The first time I heard about a series of emailed bomb threats was early in the day on Dec. 13, when I got a note from a security researcher letting me know about it. After that, I found stories about more such threats here in the Washington area and elsewhere. A quick look at the emails made it clear that this was a hoax.
As has been the case of scam emails starting from the days of the Nigerian prince, the email was written in broken English, its details were vague, and it made unlikely claims. The researcher who told me about it said that he’d ignored it until he heard about it going on elsewhere. In this case, ignoring the email was the right call.
Of course it was a fairly easy call for most places that received the email, but not for everyone. Schools that received their own copies were either locked down or evacuated, including (tragically) Sandy Hook Elementary in Connecticut and Columbine High School in Colorado. Government offices and many companies were also evacuated while police searched their buildings.
The FBI issued a statement that day about the threats, saying in a tweet that the agency was aware of the threats, and that they were working with local law enforcement to provide assistance.
Each of the emailed threats contained a vague description of an explosive device and a demand that the recipient pay $20,000 in Bitcoin to keep the bomb from going off. The problem for the bad guys was that the email was so obviously a hoax that nobody paid the ransom.
However, this ransom email was a lot like one that circulated earlier this year in which the sender claimed that he’d taken over the recipient’s webcam and had recorded them watching pornography. Then the threat was that the video would be sent to the victim’s contact list unless a ransom in Bitcoin was paid.
The sextortion ploy worked, apparently because the ransom was only a couple hundred dollars, and apparently because a lot of people watch porn on their computers. According to several reports, that effort raised a half million dollars for the bad guys. This most recent attempt seems to have been an effort to rachet up the money with a bigger demand and a bigger threat. But the bad guys missed the mark this time.
But what about next time? The cyber-criminals who launched the emailed bomb threat hoax and those that launched the sexploitation effort may not be the same people, but they are certainly aware of each other, just as they’re aware of those who launch ransomware attacks. They’re also aware that this latest round of emails caused significant disruption in some areas, and they’re aware that ransomware attacks are fairly effective methods of extortion. Their next step could change the game.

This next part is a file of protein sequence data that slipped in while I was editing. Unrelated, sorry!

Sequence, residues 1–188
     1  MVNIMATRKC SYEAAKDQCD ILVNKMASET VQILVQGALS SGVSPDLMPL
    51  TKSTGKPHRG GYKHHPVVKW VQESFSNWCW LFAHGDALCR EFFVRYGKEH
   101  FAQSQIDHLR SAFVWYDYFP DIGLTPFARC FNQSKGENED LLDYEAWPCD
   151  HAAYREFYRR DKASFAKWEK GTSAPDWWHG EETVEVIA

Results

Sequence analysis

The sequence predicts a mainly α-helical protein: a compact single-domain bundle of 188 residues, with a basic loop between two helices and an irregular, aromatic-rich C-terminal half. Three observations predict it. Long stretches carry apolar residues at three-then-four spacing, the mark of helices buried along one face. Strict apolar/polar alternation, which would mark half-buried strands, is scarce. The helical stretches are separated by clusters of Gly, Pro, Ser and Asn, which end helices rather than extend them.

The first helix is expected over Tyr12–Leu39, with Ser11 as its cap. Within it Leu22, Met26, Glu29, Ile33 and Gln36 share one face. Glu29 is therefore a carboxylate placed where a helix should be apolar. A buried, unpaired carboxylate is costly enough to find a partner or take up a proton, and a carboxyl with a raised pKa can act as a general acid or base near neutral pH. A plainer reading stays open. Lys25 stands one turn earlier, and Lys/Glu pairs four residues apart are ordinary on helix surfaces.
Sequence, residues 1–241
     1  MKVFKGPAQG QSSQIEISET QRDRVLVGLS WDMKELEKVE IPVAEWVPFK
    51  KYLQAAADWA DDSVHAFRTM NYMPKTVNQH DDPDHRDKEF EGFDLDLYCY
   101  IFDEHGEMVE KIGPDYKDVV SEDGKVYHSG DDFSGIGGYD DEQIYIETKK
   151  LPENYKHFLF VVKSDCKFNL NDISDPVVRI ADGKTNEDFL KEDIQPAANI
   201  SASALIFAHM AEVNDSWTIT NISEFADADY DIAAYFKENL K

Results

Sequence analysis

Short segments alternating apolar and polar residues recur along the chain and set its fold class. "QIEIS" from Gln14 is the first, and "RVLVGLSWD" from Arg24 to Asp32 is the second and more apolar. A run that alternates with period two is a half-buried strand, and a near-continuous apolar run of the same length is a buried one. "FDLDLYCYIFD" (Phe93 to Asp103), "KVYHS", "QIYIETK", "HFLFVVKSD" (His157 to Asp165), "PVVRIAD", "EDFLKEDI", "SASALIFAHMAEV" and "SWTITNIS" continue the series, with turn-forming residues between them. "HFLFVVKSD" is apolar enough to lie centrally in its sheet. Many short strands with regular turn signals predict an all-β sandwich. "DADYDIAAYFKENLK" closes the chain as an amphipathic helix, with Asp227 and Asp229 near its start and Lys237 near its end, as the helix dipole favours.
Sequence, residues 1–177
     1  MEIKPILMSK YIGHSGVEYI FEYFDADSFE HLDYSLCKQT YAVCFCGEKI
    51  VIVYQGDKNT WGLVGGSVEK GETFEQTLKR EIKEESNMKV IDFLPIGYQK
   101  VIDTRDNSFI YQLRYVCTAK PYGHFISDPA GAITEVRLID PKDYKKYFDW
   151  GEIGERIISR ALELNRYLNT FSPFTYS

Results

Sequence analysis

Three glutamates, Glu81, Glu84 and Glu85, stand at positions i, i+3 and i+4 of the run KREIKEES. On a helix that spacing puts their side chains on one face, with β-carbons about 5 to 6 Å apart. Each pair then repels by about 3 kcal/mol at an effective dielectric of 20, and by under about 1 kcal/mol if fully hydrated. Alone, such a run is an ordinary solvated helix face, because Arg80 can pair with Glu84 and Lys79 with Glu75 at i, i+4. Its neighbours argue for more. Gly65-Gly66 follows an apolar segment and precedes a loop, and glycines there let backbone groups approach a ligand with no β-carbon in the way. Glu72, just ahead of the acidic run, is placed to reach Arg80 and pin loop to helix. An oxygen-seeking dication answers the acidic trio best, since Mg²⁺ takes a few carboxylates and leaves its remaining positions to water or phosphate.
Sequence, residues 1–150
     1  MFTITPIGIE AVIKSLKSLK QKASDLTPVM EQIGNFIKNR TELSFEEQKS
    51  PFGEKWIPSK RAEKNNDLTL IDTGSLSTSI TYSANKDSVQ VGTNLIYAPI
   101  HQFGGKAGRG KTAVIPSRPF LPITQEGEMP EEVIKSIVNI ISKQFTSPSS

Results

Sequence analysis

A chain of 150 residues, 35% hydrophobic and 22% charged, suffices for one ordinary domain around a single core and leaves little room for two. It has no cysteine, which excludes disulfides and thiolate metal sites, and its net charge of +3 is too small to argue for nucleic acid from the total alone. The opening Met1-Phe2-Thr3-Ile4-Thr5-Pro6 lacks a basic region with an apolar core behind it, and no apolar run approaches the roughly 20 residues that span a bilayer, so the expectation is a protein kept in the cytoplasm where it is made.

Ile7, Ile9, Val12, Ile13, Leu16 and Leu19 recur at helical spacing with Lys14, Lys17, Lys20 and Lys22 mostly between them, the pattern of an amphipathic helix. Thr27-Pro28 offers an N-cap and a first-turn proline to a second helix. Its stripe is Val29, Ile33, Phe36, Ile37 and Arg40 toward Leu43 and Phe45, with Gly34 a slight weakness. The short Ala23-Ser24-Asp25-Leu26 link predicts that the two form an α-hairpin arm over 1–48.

Depending on the goals of the cyber-criminal, the changes could include learning English and placing lower demands so that victims are more likely to simply pay the ransom. But the goal could also be to demand a higher ransom, and then to make sure that they’re believed by actually carrying out their threat in at least one location.
If one of the victims had suffered even a small explosion in an evacuated building, you can bet that other places that had received the same threat would start looking for ransom money, which is what the bad guys were after.
While nobody can say that the next extortion effort will involve a bomb threat, you have to assume that an extortion threat of some kind is a near certainty. This means your security team will need a plan and a set of procedures for handling it. Once that process is complete, your staff will need to be trained in how to react, and they should practice their response.
The specific steps will depend on the organization that’s being victimized. For example, a school receiving something like a bomb threat can’t afford to ignore it, even if it’s pretty obvious it’s a hoax. They still need to evacuate everyone. Another organization may decide to simply call the police and ask for help.
What’s important is that each organization needs to have a response plan. Decide who gets such a threatening email, who is responsible for evaluating the threat and who decides the response. Decide what to do if there’s a threat to personal safety versus other types of extortion.
In addition, you need to decide how to preserve evidence so that law enforcement agencies can track down whoever is making the threat and use it against them. You may want to talk to your local law enforcement about setting up the right procedures. In addition, if you’re in an industry with a federal interest, such as a defense contractor, you should also contact federal law enforcement about their suggestions for setting up your procedures.
While this week’s bomb threats weren’t exactly a cybersecurity issue, they did arrive through email, just like phishing attacks or ransomware delivery. If you have email screening software, it might be time to make sure it’s updated. But in the meantime, you’ll be better protected if you have a plan in place–and if the people who need to carry out the plan know what they’re supposed to do.